TORONTO - Ontario plans to double maximum fines for long-term care offences and prohibit convicted rule-breakers from working in the sector in an effort to ramp up accountability and improve care for residents.

Under legislation introduced Thursday, individuals could be fined up to $400,000 dollars for second offences and corporations could be fined up to $1 million. Board members at for-profit homes could be fined up to $400,000.

“It's a very clear message to organizations that are running these homes, that we have an expectation that they're going to live within the rules,” Long-Term Care Minister Rod Phillips said in an interview before introducing the bill.

“You must operate within the rules or there will be consequences.”

The long-term care sector was devastated by the pandemic, logging more than 15,000 infections among residents and more than 4,000 deaths.

Anyone convicted of an offence under the new legislation, or under existing rules, would be barred from working, volunteering or sitting on the board of a long-term care home.

The legislation also would give the minister power to suspend - rather than revoke - a home's license and install a supervisor without having to close the home and disrupt care for residents.

The legislation also would mandate that homes have an assigned, trained leader for infection prevention and control programs, which are to be audited by inspectors.

The government announced plans earlier this week to double the inspector workforce by next fall. The new legislation would allow inspectors to lay immediate charges at homes.

Another section of the legislation would mandate quarterly reporting about quality indicators in homes and standardized yearly surveys of residents and families.

Other efforts to improve transparency include regulations to come at a later date defining the roles of caregivers and medical directors and creating a quality centre that will focus on researching best practices.

The legislation comes after a commission into COVID-19 in Ontario long-term care homes found that lack of preparedness and decades of neglect contributed to the devastation in the sector during the pandemic. That commission's final report called for reforms to protect residents in the future.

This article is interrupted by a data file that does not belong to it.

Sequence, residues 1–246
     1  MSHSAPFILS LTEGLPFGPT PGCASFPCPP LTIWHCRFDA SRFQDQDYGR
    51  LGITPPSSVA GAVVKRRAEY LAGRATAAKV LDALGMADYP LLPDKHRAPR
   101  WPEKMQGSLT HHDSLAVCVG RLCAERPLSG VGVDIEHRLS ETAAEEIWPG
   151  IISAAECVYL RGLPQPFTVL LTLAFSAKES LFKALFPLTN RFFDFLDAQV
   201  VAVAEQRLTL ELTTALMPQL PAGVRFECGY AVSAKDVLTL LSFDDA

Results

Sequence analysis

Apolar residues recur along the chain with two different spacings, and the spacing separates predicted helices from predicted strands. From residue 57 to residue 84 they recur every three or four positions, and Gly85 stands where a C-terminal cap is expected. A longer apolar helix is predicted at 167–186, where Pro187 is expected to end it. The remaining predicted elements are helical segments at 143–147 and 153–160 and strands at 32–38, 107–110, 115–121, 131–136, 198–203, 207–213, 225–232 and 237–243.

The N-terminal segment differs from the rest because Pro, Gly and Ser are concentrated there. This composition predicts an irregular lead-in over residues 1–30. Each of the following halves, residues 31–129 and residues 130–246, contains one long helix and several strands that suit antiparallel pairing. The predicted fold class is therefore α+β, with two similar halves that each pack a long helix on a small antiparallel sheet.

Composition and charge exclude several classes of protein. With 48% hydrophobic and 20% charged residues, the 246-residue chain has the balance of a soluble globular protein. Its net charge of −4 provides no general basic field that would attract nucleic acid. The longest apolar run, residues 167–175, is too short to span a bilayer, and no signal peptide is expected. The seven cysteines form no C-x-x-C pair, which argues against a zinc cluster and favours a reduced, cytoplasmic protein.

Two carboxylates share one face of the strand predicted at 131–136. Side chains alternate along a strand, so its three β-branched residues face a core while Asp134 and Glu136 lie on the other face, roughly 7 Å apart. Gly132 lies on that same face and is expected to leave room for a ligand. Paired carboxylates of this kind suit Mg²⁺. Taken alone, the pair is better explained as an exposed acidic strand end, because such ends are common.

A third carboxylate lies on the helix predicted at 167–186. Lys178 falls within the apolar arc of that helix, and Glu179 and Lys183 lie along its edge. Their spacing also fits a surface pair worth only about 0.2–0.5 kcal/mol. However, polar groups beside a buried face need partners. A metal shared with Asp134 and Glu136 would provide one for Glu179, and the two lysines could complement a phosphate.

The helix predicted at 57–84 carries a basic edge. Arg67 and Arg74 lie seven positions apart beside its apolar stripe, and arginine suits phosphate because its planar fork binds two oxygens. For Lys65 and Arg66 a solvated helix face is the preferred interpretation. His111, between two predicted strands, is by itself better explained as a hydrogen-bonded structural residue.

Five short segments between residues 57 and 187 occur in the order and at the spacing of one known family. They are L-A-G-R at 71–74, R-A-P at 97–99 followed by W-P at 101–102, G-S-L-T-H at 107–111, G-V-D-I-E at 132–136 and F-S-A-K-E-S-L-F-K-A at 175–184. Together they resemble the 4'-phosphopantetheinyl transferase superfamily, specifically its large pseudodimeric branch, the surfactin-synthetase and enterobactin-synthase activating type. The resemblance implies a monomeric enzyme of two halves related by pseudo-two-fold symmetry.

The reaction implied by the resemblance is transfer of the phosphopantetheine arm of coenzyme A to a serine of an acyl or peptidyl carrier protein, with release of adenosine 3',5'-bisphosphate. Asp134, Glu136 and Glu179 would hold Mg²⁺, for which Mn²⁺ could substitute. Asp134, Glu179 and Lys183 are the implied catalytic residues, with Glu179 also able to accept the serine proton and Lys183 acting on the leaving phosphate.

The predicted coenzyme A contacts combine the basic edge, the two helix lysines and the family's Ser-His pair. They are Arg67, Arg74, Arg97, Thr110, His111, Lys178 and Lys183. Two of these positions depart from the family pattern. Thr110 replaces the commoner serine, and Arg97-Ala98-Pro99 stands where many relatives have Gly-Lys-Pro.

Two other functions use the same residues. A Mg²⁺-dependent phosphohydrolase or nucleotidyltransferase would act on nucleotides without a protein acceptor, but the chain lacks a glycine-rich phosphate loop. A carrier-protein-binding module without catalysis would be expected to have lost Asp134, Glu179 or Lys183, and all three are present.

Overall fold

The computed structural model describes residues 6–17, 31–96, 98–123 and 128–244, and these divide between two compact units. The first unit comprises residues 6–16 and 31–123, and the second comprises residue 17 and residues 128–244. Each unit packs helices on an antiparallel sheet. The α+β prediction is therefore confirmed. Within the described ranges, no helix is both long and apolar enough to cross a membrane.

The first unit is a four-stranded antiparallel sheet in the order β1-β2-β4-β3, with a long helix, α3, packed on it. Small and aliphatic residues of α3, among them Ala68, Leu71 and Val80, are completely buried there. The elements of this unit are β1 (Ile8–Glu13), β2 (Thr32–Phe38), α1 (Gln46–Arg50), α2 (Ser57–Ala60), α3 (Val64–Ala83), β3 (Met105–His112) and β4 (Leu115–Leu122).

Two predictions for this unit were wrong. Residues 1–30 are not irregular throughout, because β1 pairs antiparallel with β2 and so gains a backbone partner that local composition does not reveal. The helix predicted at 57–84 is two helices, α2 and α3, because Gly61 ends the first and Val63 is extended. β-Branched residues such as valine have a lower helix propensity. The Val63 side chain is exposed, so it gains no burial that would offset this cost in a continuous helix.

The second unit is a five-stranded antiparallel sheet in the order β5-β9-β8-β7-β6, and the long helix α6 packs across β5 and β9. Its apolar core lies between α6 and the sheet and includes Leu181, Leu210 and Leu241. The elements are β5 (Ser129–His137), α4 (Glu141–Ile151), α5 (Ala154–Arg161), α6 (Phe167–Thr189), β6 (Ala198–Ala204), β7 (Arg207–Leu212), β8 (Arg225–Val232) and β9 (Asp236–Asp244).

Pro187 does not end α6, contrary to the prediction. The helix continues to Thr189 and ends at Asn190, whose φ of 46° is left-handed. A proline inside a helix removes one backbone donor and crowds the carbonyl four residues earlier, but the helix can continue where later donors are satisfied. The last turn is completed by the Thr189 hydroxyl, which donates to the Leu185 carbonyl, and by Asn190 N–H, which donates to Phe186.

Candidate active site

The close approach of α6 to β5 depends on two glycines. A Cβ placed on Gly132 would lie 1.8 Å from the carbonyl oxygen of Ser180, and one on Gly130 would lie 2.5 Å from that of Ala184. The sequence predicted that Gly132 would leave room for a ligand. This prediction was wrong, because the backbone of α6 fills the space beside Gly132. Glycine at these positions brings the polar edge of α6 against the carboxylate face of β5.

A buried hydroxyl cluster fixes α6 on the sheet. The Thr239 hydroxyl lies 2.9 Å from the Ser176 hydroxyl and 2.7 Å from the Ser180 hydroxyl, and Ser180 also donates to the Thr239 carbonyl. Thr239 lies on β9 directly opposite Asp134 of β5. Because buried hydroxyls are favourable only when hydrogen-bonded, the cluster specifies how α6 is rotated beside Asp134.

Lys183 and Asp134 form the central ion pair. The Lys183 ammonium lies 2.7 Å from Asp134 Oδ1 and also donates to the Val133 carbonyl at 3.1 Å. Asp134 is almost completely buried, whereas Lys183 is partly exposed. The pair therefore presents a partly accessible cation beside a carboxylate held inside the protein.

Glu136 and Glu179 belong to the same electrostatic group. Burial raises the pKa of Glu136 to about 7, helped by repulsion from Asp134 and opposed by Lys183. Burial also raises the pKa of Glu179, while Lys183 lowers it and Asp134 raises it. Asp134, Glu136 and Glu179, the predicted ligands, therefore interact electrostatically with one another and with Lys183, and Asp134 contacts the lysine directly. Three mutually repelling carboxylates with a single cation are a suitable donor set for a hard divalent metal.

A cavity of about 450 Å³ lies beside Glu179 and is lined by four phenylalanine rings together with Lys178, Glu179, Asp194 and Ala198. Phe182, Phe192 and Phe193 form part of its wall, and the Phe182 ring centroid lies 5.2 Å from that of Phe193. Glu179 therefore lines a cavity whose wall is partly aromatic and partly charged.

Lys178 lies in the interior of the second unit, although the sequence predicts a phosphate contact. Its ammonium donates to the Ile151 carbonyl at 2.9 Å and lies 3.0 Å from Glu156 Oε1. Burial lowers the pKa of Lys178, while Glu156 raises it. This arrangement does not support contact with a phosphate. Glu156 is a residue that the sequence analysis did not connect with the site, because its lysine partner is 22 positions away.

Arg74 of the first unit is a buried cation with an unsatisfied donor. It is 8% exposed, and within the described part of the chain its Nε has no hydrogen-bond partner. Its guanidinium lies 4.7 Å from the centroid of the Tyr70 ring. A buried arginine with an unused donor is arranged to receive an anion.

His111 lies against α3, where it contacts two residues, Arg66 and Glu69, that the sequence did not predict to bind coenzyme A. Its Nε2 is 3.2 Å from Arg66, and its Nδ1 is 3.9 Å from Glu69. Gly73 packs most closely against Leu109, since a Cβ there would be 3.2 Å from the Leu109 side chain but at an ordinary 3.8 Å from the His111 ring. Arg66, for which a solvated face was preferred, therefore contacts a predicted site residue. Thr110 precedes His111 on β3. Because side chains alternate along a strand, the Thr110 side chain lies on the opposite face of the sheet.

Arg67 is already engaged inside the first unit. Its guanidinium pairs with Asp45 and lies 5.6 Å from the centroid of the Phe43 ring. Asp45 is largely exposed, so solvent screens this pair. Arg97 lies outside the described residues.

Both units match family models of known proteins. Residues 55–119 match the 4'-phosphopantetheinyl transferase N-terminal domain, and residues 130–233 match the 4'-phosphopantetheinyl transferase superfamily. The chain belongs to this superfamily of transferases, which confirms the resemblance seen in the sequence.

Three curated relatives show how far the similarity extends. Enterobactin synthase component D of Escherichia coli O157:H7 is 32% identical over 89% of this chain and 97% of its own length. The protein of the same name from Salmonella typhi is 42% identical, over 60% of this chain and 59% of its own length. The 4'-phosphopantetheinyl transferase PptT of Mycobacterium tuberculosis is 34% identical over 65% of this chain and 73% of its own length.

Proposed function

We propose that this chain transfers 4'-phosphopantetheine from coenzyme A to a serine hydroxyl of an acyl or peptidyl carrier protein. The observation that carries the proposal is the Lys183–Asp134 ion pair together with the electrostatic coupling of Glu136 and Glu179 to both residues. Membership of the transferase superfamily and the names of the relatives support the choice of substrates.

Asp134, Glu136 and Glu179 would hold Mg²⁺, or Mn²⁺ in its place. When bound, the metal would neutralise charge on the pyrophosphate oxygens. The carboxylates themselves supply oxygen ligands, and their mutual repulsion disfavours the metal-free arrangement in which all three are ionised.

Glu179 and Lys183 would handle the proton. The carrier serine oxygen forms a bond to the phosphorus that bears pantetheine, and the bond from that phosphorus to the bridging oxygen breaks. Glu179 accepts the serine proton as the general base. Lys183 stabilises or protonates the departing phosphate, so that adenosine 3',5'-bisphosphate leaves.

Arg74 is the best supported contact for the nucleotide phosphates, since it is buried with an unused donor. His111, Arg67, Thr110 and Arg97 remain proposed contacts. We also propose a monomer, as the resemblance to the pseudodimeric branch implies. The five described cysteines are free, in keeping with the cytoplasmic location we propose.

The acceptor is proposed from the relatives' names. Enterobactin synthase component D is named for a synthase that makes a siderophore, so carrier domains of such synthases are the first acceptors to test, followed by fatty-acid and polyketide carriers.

Thursday's legislation would also require the minister of long-term care to report annually on the Progressive Conservative government's targets to reach an average of four hours of direct daily care per resident by 2025.

To achieve that goal, the government plans to spend billions of dollars to hire more staff, including through recently announced programs aimed at attracting nurses and personal support workers.

Unions have pointed to low wages as one key factor behind chronically low staffing levels in long-term care. The government announced Thursday it would extend a temporary $3 wage increase for personal support workers until the end of March.

Premier Doug Ford has said he will make the wage increase permanent but hasn't said how or when that will happen. Phillips said Thursday that he thinks the government's hiring targets are achievable despite the wage increase still being temporary.

“We've committed to making sure that personal support workers are paid fairly for the very tough work they do,” he said.

A union representing frontline workers slammed the government for only temporarily extending the wage increase.

“It's just cruel to string PSWs along a few months at a time instead of providing them with the certainty of a secure job,” SEIU Healthcare president Sharleen Stewart said.

This report by The Canadian Press was first published Oct. 28, 2021.